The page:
During this time of devouring leadership books, I was reading the Steve Jobs biography (highly recommended). Steve had a habit of going on walking meetings with his team.

I decided to apply this and ended up walking all of my team members to the locker room (five minute walk) to talk about their day, what went well etc.

As I started to get closer to each individual, they would talk to me about their dreams and future career goals (no-one wants to be a beach attendant for the rest of their life).

A month into this process, the idea hit me.

I began to connect all the small ‘bullshit’ things we had to do every day to the grand picture.

Cleaning bird shit was no longer cleaning bird shit. It was building your attention to detail to help you become a better CEO.

Every small action was connected to their future vision. This changed everyone's relationship with cleaning bird shit, that even surprised the seagulls themselves.

8. Creating alliances

If someone is young and in a very high position in a company. This usually means that they had help.

I’m not saying that they don’t deserve the job, I’m saying that they actively sought out alliances to help propel them to their current status.

During my tenure as beach attendant → manager in multiple hotels I created alliances with other ambitious hard working people.

No matter how good I became at my job, without these friendships I wouldn’t have been fortunate enough to receive the opportunities I had.

9. How to separate yourself from the pack

Being a beach attendant doesn’t require talent. It required hard work and attention to detail.

Everyone could do the bare requirements for this job, so the only way to seperate myself from everyone else was two things:

  1. Consistency
  2. The ‘extra’

The majority of everyone that I worked with just did the bare minimum. I would always go a little extra, every single time.

My name became synonymous for ‘job well done’ and you could count on me for holding it down no matter what.

Managers and future directors after I got promoted loved this about me. It made THEIR job easier. They didn’t have to worry about the quality of my work.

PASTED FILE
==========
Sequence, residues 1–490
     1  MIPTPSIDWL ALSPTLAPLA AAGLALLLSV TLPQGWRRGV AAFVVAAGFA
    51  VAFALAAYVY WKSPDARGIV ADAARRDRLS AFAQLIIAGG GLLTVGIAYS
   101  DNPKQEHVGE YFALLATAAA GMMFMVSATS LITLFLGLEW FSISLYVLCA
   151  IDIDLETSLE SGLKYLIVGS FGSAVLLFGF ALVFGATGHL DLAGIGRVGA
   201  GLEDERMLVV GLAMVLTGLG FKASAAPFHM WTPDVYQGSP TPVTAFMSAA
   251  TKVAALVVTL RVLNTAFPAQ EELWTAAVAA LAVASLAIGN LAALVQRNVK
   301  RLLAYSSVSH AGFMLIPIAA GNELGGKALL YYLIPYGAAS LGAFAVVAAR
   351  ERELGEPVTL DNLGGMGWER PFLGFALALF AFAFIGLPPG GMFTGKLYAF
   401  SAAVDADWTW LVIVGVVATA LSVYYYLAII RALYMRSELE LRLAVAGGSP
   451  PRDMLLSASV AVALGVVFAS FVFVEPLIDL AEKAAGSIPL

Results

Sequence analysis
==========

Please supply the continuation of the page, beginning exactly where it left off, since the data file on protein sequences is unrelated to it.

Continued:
I learned that doing more than the bare minimum and being consistent (in every part of my life) has lasting benefits.

10. Be honest

Everyone fucks up.

Everyone makes a mistake.

Sometimes that mistake get’s people fired.

I witnessed many people get fired for mistakes, but every now and then there was this rare person even if they knew that telling the truth would get them fired, would fess up.

Many times that ability to be honest actually kept them in the job, brought more honor to themselves and had the entire company respect them even more.

Being honest when it’s the hardest is so crucial. It might have some short term pain, but there is always long term gain.

11. Make it happen

One of the most valuable mindsets I learned was that of ‘make it happen’.

Just make it happen no matter what.

I would become a master technician. An expert builder.

WHATEVER was needed in order to make it happen. If a guest needed a table and we were out, I would run to another hotel and take their table and tip someone and run back.

When you have this type of mindset of making it happen no matter what. You stop looking for why you can’t do something and find ways you can.

12. Consistency is key

“Success isn’t always about greatness. It’s about consistency. Consistent hard work leads to success. Greatness will come.” — Dwayne Johnson

Many of my team members would excell one day, then take the next day off. Some would do great work for a week then have a bad week. I saw it all.

I contrasted this behavior with the most successful people in the company in realized immediately that the people that are making the most money, having the greatest impact where showing up powerfully every single day.

Consistency is key.

13. You are only as good as your weakest link

Another one of my key lessons while reading Steve Job’s biography was the idea of working with A-players.

When I first got promoted to assistant manager, a lot of team members didn’t like me (if not most) because I was determined to only work with A players.

Many people quit, but the people that stayed ended up loving it because being an A-player surrounded by A-players is a rare opportunity.

14. World vs. the American attitude

The company I worked with and numerous hotels were using the J1 Visa (hiring people from Bali/Slovakia and other countries) to come for a summer internship.

I was truly blessed to meet some of the most inspiring, hardest working people I have ever been around in my life.

These people worked tirelessly, were grateful and just a joy to be around. I realized that a lot of people that were born in America didn’t have the same work ethic and hustle as immigrants.

Rudi, Putu, Widi, Stanley, Svetlana, Simona, Odik, and me.

15. Whatever problem you are dealing with is funny a couple years from now

When I was being about to be sued by the millionaire from #3, I couldn’t think of anything else.